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Pre-c^3 Tutorial

Concentration of Measure Inequalities in Information Theory, Communications and Coding
Maxim Raginsky

Maxim Raginsky received the B.S. and M.S. degrees in 2000 and the Ph.D. degree in 2002 from Northwestern University, all in Electrical Engineering. He has held research positions with Northwestern, the University of Illinois at Urbana-Champaign (where he was a Beckman Foundation Fellow from 2004 to 2007), and Duke University. In 2012, he has returned to the UIUC, where he is currently an Assistant Professor with the Department of Electrical and Computer Engineering and the Coordinated Science Laboratory.
Concentration of Measure Inequalities in Information Theory, Communications and Coding  This monograph is focused on some of the key modern mathematical tools that are used for the derivation of concentration inequalities, on their links to information theory, and on their various applications to communications and coding. Although it is a survey, it also includes various new recent results derived by the authors. The first part of this article introduces some classical concentration inequalities for martingales, and it also derives some recent refinements of these inequalities. The power and versatility of the martingale approach is exemplified in the context of codes defined on graphs and iterative decoding algorithms, and some other aspects that are related to wireless communications and coding. The second part of this article introduces the entropy method for deriving concentration inequalities for functions of many independent random variables, and it also exhibits its multiple connections to information theory. The basic ingredients of the entropy method are discussed first in conjunction with the closely related topic of logarithmic Sobolev inequalities. This discussion is complemented by a related viewpoint based on probability in metric spaces. This viewpoint centers around the so-called transportation-cost inequalities, whose roots are in information theory. Some representative results on concentration for dependent random variables are briefly summarized, with emphasis on their connections to the entropy method. Finally, the tutorial addresses several applications of the entropy method and related information-theoretic tools to problems in communications and coding. These include strong converses for several source and channel coding problems, empirical distributions of good channel codes with non-vanishing error probability, and an information-theoretic converse for concentration of measure.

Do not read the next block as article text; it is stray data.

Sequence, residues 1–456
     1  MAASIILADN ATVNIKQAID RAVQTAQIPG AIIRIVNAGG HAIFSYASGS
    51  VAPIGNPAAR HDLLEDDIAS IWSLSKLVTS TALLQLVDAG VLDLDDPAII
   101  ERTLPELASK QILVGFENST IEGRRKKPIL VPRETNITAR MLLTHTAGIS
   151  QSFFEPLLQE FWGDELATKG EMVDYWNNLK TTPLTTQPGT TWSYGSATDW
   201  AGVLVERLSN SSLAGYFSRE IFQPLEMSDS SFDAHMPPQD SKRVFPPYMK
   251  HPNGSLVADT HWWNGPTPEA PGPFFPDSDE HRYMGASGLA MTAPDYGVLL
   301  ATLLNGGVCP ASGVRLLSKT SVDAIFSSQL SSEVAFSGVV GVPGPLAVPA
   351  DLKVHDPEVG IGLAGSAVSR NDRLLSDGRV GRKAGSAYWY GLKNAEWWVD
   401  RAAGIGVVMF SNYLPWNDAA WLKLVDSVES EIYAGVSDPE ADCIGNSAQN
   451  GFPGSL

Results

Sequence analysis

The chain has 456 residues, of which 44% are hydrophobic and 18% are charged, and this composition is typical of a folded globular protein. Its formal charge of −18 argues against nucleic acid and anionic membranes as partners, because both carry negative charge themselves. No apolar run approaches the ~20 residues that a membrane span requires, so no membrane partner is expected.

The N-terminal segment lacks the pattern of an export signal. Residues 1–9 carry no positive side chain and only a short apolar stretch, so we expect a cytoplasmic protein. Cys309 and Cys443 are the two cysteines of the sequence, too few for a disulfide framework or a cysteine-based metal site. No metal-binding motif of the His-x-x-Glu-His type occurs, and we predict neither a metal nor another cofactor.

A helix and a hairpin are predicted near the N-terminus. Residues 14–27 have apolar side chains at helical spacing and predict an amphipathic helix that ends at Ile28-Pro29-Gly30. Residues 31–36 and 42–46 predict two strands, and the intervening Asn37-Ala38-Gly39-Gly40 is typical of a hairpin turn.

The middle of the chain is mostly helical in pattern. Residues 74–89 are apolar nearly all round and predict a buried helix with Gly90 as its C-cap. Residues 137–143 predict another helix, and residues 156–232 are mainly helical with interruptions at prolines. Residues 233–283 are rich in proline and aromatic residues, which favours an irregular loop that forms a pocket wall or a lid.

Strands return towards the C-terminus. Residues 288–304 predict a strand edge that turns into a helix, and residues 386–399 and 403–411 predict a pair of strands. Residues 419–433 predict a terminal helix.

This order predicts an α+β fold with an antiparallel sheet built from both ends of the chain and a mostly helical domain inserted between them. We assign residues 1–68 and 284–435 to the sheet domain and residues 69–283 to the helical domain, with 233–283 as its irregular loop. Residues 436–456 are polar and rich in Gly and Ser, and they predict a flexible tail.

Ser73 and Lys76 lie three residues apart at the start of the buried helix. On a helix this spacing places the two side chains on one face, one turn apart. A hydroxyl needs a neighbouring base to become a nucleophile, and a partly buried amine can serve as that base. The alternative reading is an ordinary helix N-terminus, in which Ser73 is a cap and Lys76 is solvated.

Tutorial will be follwed by the 2nd Workshop on Cognition and Control
January 14, 2014
409 NEB

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